A View into the State of Student Mental Health and Well-Being on Campus

A View into the State of Student Mental Health and Well-Being on Campus

There is nothing more important in higher education than the health, safety, and well-being of students, staff, and faculty. In order to provide higher education institutions with insight into students’ mental health and well-being, Vector Solutions has aggregated and anonymized thousands of student survey responses and is providing a view into the data below. By providing data on this critical topic, our hope is to support higher education leaders in making informed decisions about how best to support the mental health and well-being of their students.

The data included here was collected between June 2021 and May 2022 and is based on nearly 140,000 student responses to pre-course and post-course surveys associated with the Vector course on Mental Health and Well-Being for Students. Among the findings:

1. College students are experiencing unprecedented levels of mental health crises and identify challenges with mental well-being as a leading barrier to their success.

Nearly half - 45% - of responding students reported needing help for emotional or mental health problems in the last 12 months and 57% reported currently needing help for these same issues.

Promisingly, 97% of respondents think mental health is important and 36% say they want to learn more about mental health, and how to help themselves and others.

Higher education institutions are in a prime position to support these students by helping them learn how to build resiliency and self-care and support skills. One way to do this is by increasing students mental well-being knowledge and skills – for instance, by providing information about how to recognize if they or a classmate need help, actions they can take when experiencing distress, and when to seek professional support. Vector course data demonstrate learners' increase in knowledge, skills, and confidence in caring for themselves and helping others.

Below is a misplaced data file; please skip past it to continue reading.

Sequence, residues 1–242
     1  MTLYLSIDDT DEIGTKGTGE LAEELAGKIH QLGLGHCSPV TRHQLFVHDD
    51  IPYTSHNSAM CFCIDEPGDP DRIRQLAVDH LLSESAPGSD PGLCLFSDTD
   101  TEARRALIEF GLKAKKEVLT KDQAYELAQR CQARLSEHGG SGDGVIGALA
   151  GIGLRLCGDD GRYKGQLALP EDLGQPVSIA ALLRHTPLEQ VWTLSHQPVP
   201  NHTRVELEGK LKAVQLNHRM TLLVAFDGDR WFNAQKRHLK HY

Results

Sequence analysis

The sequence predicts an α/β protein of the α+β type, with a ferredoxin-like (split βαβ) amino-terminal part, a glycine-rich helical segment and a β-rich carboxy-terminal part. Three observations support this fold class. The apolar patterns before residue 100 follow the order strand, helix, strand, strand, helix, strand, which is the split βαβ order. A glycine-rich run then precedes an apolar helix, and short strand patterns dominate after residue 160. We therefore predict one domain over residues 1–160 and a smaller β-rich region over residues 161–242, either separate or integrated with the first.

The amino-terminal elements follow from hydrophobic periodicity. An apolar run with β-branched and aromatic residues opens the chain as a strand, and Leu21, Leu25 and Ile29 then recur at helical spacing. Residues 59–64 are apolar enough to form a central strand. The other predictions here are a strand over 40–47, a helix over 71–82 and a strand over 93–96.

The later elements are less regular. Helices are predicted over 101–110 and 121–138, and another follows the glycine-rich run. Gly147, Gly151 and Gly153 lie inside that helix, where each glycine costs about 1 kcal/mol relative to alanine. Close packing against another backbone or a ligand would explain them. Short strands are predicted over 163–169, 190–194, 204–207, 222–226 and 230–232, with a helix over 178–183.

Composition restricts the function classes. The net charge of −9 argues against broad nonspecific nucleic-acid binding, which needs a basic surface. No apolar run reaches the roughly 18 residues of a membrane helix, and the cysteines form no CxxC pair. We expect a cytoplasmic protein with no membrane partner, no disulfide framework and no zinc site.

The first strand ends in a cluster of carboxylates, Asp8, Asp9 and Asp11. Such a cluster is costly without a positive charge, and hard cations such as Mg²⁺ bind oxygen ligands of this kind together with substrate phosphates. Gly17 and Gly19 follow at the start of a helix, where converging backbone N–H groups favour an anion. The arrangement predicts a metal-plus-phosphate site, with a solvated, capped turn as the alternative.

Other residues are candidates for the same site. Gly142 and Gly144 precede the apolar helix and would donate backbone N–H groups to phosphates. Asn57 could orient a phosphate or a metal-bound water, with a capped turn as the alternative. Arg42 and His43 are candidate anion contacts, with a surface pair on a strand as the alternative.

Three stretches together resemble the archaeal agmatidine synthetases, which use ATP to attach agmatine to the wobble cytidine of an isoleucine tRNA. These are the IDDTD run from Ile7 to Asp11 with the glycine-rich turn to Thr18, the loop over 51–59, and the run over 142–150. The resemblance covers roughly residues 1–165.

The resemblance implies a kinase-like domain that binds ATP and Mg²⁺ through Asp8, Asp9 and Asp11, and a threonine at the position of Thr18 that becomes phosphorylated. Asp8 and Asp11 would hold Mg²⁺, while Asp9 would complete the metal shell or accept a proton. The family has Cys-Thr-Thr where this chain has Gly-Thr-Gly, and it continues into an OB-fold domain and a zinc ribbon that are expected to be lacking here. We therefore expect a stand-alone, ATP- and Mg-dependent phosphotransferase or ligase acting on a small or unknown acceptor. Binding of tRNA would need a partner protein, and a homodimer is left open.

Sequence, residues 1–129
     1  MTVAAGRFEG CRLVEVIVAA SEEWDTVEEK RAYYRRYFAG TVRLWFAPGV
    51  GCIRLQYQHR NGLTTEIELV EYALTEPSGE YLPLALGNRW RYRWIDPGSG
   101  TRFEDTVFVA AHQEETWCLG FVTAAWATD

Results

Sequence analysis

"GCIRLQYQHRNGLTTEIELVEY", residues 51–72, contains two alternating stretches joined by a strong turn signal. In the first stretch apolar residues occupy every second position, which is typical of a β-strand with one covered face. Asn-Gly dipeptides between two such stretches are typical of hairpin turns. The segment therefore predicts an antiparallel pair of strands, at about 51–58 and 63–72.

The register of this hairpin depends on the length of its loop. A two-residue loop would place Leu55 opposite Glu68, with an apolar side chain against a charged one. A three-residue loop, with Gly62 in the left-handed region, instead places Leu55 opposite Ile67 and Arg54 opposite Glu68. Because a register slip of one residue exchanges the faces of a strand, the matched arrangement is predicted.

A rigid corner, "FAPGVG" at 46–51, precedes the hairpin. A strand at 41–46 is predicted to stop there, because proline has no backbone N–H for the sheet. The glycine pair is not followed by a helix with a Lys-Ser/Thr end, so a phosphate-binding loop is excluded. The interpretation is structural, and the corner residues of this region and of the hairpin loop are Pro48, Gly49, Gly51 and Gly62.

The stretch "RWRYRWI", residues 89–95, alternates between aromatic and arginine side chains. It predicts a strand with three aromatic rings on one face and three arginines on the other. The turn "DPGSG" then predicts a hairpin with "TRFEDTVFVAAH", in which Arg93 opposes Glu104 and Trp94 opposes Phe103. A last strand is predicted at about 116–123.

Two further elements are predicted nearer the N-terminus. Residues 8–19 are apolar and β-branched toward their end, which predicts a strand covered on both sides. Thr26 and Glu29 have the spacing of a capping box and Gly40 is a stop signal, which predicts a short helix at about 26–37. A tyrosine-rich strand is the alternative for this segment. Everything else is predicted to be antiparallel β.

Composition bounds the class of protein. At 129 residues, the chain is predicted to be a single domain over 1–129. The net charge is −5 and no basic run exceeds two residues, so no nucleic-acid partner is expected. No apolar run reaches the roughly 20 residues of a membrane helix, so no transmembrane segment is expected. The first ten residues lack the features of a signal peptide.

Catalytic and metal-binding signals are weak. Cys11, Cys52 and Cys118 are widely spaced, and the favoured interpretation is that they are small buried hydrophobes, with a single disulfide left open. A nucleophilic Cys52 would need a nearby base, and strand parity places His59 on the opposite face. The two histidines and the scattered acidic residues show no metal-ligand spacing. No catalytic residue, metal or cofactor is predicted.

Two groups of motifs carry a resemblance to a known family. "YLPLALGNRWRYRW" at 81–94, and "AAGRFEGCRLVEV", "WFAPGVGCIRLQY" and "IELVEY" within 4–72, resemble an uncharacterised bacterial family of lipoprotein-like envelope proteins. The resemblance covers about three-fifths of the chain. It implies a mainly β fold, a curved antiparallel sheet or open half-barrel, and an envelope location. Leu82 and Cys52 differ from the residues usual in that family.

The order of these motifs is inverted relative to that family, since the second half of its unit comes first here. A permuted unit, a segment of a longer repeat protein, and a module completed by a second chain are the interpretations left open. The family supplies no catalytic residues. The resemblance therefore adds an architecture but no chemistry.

For example, after taking our course, there was a relative increase of 40% in students who reported knowing where to go on campus if they needed professional help; and a relative increase of 22% in students who expressed confidence in recognizing when someone is in emotional or mental distress.

2. Students encounter multiple barriers when seeking help.

The survey found that although more than half of students (57%) recognized they needed support for their mental health, only 11% were getting support through counseling or therapy. Students reported that barriers exist at all levels – personal barriers, institutional barriers, and others. This makes it even more critical for students to have access to different ways of building the knowledge and skills needed for positive outcomes. Among the reasons students cited for not getting professional help are because they preferred to deal with issues on their own or with support from family and friends, they don’t have enough time, they think it’s too expensive, or they don’t know where to go to get help.

Institutions must work to meet these challenges and assist students in overcoming barriers to receiving support.

3. LGBTQIA+ students struggle more with mental health than the general student population.

Vector survey results back up recent studies that LGBTQIA+ students struggle significantly more with their mental health than the general student population. While 45% of all students reported struggling with mental health over the last 12 months, and 57% reported currently needing help for emotional or mental health issues, these percentages increased meaningfully for the non-heterosexual and non-cisgendered students by about 10 percentage points to 56%.

Institutions can support these more vulnerable young people by implementing policies and programs that create a welcoming environment for LGBTQIA+ students and identifying resources tailored to their needs.